(My friend and colleague Becky Grace Kalman wrote a great post about this on her blog a few months ago - it’s worth the read.)
This one goes especially for dancers, but I think everyone feels this phenomenon as well.
Most people in our business and culture do not want to admit to themselves that they have limitations. By the same token, people also don’t like admitting that they are aging. Physical injury can be a reminder of both of these things.
And when you’re a performer, everything becomes amplified.
Somehow we have adopted this notion in our business that an injury - once publicly known - defines who we are and how we are seen for the remainder of our careers.
That’s a tough idea to have circulating in the back of your mind all the time as you try your best to constantly become better and stronger and acquire more skills, yet remain young and spry and uninjured. This is certainly not a recipe for additional stress and therefore further injury possibilities…nope, no way…
But to an extent, this notion is true. Any injuries we sustain, whether they be vocal or physical, will remain a part of our personal stories. They will not define us, but they will be there as something we have experienced and have - hopefully, with the right care and training - overcome.
And it’s ultimately you who controls this narrative.
People talk, but whatever let them talk. Words that other people exchange have no bearing on your actual story and journey. That’s about the truth of what is happening with you.
Everyone will experience injuries of some sort, minor or major. Everyone will age. Everyone has physical limitations. But humans are adaptable creatures and survivors, and we can always find a way to continue forward even if the path now looks a little different.
But the shame culture must end. It isn’t healthy for anyone. We are all so much more than that.
Badge of Honor
To an extent all Americans do this, but it is super enhanced in the world of theatre.
Ask a theatre artist what they’re up to and they list 15,000,000 things they are, or have been, doing. They say things like “Gotta keep busy”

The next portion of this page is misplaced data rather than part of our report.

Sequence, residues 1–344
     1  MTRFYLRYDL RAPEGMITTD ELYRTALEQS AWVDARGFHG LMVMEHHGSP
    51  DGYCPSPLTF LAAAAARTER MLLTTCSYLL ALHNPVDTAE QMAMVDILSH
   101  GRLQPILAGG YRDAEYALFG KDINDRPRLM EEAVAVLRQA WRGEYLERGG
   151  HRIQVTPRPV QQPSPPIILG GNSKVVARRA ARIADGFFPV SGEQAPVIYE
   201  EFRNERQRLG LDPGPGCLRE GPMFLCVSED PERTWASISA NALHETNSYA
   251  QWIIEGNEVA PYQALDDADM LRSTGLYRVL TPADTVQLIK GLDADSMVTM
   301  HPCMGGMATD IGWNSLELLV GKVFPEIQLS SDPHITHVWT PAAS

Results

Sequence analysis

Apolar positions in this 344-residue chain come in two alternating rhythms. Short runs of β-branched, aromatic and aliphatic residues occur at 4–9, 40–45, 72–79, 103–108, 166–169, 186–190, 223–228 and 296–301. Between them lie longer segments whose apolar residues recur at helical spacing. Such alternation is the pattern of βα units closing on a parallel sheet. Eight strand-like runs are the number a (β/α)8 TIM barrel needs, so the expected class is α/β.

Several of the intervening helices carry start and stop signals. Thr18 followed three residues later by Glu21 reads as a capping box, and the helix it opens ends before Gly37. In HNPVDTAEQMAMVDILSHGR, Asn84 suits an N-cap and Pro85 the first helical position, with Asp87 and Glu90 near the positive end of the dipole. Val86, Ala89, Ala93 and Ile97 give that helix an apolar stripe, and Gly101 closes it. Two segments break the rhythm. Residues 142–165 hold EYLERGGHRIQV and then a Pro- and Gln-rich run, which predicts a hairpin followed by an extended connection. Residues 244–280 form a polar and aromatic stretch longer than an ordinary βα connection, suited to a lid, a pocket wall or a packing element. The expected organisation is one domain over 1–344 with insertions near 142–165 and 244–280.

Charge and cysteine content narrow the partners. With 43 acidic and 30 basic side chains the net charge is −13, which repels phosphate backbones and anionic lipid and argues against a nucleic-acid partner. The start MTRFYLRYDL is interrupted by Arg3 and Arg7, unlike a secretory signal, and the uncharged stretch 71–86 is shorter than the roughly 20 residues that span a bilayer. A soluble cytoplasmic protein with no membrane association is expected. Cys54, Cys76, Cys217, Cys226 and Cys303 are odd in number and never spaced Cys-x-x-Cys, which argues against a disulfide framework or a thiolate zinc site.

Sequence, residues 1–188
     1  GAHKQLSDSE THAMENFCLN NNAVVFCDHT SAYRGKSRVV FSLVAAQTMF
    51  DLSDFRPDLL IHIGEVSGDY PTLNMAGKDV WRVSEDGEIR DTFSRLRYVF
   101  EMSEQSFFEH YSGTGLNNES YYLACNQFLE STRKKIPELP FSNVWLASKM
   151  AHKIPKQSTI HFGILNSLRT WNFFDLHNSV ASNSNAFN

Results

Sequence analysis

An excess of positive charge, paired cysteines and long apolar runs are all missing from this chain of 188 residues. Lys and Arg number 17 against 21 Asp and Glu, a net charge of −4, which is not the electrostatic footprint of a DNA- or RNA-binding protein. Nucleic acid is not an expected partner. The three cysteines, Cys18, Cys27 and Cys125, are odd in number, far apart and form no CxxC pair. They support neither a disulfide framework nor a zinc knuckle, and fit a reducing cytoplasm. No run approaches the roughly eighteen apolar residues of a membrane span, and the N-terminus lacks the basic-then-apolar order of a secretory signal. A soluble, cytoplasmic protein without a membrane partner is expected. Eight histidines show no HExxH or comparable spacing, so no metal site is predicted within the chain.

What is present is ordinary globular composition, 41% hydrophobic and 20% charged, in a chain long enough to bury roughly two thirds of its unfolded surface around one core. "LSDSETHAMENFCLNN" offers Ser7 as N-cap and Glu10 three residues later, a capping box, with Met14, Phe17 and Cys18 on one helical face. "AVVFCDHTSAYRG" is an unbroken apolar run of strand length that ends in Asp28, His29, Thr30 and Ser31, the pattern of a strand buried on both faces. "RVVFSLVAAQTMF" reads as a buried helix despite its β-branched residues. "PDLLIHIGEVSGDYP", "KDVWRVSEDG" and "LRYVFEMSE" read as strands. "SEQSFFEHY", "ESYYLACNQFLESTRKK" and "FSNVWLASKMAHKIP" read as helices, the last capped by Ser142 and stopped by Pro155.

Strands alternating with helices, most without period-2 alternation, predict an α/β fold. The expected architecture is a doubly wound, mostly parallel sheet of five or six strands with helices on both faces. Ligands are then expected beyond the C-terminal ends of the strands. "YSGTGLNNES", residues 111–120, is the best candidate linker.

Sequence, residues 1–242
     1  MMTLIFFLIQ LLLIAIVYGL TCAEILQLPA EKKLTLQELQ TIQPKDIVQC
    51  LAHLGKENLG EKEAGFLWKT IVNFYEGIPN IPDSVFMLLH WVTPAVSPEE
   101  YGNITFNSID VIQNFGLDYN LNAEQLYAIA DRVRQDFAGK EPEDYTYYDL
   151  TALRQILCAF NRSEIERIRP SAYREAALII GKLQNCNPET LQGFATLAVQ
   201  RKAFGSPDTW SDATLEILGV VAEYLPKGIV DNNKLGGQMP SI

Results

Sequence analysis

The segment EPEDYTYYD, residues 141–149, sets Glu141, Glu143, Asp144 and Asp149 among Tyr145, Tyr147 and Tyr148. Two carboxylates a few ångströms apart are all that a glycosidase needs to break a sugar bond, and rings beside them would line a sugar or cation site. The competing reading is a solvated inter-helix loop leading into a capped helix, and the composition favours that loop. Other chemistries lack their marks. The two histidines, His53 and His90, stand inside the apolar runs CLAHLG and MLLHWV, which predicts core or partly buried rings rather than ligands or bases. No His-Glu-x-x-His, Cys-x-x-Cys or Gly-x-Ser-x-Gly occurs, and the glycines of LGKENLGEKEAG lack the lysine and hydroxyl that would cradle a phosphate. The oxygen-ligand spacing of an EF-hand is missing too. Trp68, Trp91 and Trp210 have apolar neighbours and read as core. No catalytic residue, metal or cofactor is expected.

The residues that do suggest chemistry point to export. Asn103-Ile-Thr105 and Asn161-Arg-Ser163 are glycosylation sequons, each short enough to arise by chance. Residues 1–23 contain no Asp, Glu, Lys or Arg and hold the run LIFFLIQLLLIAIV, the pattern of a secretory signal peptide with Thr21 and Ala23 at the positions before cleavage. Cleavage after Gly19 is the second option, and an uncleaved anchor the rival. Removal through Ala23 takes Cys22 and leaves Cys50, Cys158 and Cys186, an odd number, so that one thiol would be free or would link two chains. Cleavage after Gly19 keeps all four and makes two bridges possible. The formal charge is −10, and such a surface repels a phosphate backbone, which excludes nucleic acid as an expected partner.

We do a million things because we are artists and no one pays us enough and we need to find a way to make it in this current socio-economic climate (see my earlier post: No Rest For The Wicked). But that doesn’t necessarily mean we should be happy about the stress that all of this work brings!
Don’t get me wrong - we can have periods of time where we are doing a large number of things that are all positive and wonderful and career-building, and we can be super happy and thrilled and #blessed.
BUT. Even the good kind of busy comes with stress.
“I’m busy” doesn’t have to be a happy thing. “I’m busy” might very well equal “I’m stressed AF,” and that’s okay too. We don’t have to kill ourselves with our stress to prove that we’re worthy of something.
You are. You’re worthy. I believe you.
I could talk about this point for hours, but I think I’ll leave it here with the major points.
Stress and Injury
They are related, and we should acknowledge that.
We should also talk about this more as a community. When we don’t, stigmas grow and fear begins to creep in.
Stress and injury are not positive things, but they are natural and common. They will occur. But we can be in control of the narrative and how we handle these elements with some awareness, preparation, and thought.
Be kind to yourself. Be kind to others. And don’t forget to breathe.